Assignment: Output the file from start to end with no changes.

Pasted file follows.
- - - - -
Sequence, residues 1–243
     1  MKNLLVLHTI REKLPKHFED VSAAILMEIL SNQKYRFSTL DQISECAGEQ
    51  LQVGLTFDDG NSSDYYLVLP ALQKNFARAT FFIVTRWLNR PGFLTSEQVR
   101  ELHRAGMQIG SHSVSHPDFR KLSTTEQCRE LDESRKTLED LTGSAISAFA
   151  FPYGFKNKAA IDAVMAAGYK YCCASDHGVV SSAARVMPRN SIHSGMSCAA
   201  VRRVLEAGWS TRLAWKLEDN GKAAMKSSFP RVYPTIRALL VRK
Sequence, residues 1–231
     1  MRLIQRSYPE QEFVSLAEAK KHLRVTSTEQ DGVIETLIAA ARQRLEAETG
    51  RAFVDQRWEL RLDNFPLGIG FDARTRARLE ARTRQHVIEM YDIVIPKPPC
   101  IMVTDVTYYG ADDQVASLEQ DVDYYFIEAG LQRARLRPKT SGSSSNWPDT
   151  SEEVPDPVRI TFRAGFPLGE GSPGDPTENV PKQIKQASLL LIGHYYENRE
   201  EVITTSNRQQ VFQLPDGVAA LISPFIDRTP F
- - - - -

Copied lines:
Sequence, residues 1–243
     1  MKNLLVLHTI REKLPKHFED VSAAILMEIL SNQKYRFSTL DQISECAGEQ
    51  LQVGLTFDDG NSSDYYLVLP ALQKNFARAT FFIVTRWLNR PGFLTSEQVR
   101  ELHRAGMQIG SHSVSHPDFR KLSTTEQCRE LDESRKTLED LTGSAISAFA
   151  FPYGFKNKAA IDAVMAAGYK YCCASDHGVV SSAARVMPRN SIHSGMSCAA
   201  VRRVLEAGWS TRLAWKLEDN GKAAMKSSFP RVYPTIRALL VRK
Sequence, residues 1–231
     1  MRLIQRSYPE QEFVSLAEAK KHLRVTSTEQ DGVIETLIAA ARQRLEAETG
    51  RAFVDQRWEL RLDNFPLGIG FDARTRARLE ARTRQHVIEM YDIVIPKPPC
   101  IMVTDVTYYG ADDQVASLEQ DVDYYFIEAG LQRARLRPKT SGSSSNWPDT
   151  SEEVPDPVRI TFRAGFPLGE GSPGDPTENV PKQIKQASLL LIGHYYENRE
   201  EVITTSNRQQ VFQLPDGVAA LISPFIDRTP F